1. American's appearance before the Commission.

American submitted its application for authority with the Commission on April 19, 1976; its corporate charter, however, was not filed with the Secretary of State until over a month later. Intervenors contend that since American was not incorporated at the time the application was filed that there was no "applicant" and the Commission's grant of authority would be null and void.

American attained corporate status over three months before the hearing was held and over seven months before the Commission rendered its order granting the authority. This "after-acquired status," although untidy, should not be fatal to the application. A contrary ruling would only result in an expensive duplication of proceedings

Page 1325

already long finished, and produce only unnecessary delays. Neither intervenors nor the public has been harmed.

2. Did American sustain its burden of showing that the public convenience and necessity would be materially promoted?

3. Is the present motor carrier service adequate to meet the needs of the public?

The answers to these questions require a review of the evidence adduced before the Commission.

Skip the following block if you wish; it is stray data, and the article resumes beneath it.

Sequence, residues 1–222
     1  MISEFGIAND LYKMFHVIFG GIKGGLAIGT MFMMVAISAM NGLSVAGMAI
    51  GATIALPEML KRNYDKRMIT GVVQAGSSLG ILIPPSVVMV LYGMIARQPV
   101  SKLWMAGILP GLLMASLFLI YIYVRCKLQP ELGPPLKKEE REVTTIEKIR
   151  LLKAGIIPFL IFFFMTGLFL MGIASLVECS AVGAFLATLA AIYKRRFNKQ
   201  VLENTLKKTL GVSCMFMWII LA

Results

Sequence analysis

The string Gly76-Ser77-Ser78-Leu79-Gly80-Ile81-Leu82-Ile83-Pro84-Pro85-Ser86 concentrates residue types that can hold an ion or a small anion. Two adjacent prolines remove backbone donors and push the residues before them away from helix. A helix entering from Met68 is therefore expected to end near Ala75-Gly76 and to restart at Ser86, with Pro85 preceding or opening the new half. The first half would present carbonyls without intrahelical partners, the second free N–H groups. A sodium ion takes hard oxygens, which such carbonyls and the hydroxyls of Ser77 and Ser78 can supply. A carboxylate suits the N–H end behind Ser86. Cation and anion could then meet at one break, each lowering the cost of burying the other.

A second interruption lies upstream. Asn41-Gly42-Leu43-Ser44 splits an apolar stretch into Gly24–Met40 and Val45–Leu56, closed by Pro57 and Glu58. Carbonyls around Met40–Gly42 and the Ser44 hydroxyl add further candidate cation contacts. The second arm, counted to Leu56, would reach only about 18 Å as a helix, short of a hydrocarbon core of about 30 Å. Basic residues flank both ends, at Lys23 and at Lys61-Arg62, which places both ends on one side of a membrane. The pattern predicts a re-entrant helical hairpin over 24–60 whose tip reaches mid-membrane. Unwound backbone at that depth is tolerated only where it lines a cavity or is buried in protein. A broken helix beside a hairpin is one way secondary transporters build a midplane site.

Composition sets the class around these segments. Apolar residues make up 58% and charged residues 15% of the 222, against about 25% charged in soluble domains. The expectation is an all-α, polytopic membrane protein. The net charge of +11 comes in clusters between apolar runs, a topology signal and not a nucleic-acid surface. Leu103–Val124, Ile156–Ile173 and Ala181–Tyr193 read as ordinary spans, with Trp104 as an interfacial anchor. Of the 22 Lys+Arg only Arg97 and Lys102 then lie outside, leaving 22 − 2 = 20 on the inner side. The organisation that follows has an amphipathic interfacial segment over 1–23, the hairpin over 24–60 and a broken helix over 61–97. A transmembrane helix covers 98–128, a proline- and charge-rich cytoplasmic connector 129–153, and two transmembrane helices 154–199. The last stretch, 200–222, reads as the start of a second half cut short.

American presented five witnesses in support of its application. Ronald Griffith, president of American, which was to be located in Lake Charles, testified that in his work as an oil field contractor he was informed by his gang foreman that there were some delays in obtaining vacuum truck service in order to move salt water or mud from a storage area. Only two specific instances of delay were cited. In one instance in early 1974, W. C. Pickens Company of Dallas, Texas utilized Griffith's services to clean out a mud tank by hand when Pickens was unable to obtain a vacuum truck. Griffith could not specify the date nor could he say what companies or how many had been called. In the other instance, Griffith was working for Union Oil of California sometime between February and May of 1976 backfilling a pit when the need for a vacuum truck to remove fluid arose. Calls were made to a vacuum truck service in Lake Charles but, having been told no trucks were available, Union Oil was forced to shut down operation until a vacuum truck was provided. Again he could be no more specific on dates. He testified that any delay would be costly since the company would continuously be billed. It was also established that at least five other vacuum services are located in the Lake Charles-Lafayette-Abbeville area, all within the seventy-five mile radius of Westlake where American was given its authority to operate, but only one certified to operate in Lake Charles itself.